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NCJRS Abstract

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NCJ Number: 186403 Find in a Library
Title: Employment and Training for Court-Involved Youth Videoconference
Series: OJJDP Teleconference Videotapes
Corporate Author: Eastern Kentucky University
Juvenile Justice Telecommunications Project
United States of America
Date Published: February 1, 2001
Page Count: 21
Sponsoring Agency: Eastern Kentucky University
Richmond, KY 40475
Juvenile Justice Clearinghouse/NCJRS
Rockville, MD 20849
Office of Juvenile Justice and Delinquency Prevention
Washington, DC 20531
Grant Number: 98-MU-MU-0005
Sale Source: Juvenile Justice Clearinghouse/NCJRS
P.O. Box 6000
Rockville, MD 20849
United States of America
Document: HTML (Broadcast Overview)|PDF
Type: Program/Project Description
Format: Film
Language: English
Country: United States of America
Annotation: This two-part video of a teleconference first discusses the importance of employment and the provision of job-related training for court-involved youth and then describes three programs that provide such services, with a representative from each program serving on a panel to answer participant questions about the program.
Abstract: "Court-involved youth" are defined as "youth who come in contact with the juvenile justice system for committing a status offense or delinquent act." In profiling such youth, the video notes that they are often disenfranchised by the education system and find it difficult to learn marketable skills and compete for jobs. Research shows that employability is critical to the social and economic success of high-risk youth. The main theme of the teleconference is that the link between crime and lack of economic opportunity requires a concerted response that features collaboration among employers, the juvenile justice system, and the workforce development system. The three programs described in the teleconference are examples of such a response. The Career Exploration Project (CExP) is a program of New York City's Center for Alternative Sentencing and Employment Services. Through CExP, judges sentence teen felony offenders to 6 months of intensive supervision that combines education, vocational, and job training and support services. Participants are first-time felony offenders, ages 15 to 19, who reside in low-income neighborhoods in New York City. A second program, the Avon Park Youth Academy, operates from a 212-bed private residential facility in Florida. It serves 16-18 year-olds committed to the Florida Department of Juvenile justice. The 9-month program is designed to simulate a real work experience as much as possible in order to prepare youth for transition to the community and employment opportunities at a living wage. The third program, called the Fresh Start Program, serves 16-19 year-olds from economically disadvantaged neighborhoods in Maryland who have not completed high school. The program emphasizes the development of work and life skills through an integrated curriculum that includes personal development, team building, problem-solving, and critical-thinking skills.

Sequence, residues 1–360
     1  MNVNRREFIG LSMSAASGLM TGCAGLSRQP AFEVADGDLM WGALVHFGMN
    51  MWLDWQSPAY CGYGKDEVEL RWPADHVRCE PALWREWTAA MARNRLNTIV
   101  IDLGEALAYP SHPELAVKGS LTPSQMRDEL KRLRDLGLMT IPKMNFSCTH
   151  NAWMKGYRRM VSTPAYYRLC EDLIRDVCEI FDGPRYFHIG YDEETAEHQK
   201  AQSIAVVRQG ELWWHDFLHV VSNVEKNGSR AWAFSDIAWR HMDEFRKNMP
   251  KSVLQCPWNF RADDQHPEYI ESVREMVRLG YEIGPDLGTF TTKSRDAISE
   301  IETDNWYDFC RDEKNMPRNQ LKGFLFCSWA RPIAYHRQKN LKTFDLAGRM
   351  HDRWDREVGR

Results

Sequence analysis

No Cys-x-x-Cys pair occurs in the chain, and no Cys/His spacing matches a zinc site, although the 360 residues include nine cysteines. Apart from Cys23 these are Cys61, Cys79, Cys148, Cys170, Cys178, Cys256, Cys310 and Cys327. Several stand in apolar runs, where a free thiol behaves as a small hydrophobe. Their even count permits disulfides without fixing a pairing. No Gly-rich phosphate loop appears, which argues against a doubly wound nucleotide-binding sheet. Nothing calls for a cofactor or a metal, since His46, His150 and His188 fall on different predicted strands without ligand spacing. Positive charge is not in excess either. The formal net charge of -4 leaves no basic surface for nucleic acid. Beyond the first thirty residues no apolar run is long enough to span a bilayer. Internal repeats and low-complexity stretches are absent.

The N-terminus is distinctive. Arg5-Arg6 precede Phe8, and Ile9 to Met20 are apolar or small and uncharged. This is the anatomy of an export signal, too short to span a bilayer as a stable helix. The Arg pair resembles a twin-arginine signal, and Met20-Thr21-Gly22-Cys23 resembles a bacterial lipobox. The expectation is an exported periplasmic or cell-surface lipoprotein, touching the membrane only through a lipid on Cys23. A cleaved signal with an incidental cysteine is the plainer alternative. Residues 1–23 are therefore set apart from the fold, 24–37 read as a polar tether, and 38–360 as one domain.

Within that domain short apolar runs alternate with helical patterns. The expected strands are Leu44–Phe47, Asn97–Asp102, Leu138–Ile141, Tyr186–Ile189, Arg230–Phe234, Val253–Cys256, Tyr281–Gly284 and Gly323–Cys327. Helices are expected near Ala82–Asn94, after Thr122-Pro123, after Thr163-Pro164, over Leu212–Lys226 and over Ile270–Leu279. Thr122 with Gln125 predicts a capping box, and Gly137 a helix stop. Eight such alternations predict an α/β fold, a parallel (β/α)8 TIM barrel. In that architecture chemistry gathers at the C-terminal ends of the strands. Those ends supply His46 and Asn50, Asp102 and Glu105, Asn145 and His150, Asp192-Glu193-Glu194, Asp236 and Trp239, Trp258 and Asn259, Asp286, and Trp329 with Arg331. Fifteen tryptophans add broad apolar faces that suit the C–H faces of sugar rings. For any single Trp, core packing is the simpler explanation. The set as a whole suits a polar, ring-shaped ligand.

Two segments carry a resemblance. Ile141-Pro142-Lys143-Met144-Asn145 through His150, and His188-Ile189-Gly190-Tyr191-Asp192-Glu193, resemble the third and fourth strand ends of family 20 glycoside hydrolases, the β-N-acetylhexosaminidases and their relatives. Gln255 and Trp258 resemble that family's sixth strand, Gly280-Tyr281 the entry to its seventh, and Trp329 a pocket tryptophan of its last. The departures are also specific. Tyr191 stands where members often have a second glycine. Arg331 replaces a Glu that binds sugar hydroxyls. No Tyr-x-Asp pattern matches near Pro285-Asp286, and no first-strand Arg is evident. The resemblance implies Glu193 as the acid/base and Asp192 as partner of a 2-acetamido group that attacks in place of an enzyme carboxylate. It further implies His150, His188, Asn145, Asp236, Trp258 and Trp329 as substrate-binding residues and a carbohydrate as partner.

Main Term(s): Juvenile delinquency prevention programs
Index Term(s): Employment services; Employment-crime relationships; Florida; Juvenile vocational training; Maryland; New York; OJJDP grant-related documents; Youth development; Youth employment
Note: Color VHS videos, 1 hr. 55 mins. Twenty-one page Participant Packet included.
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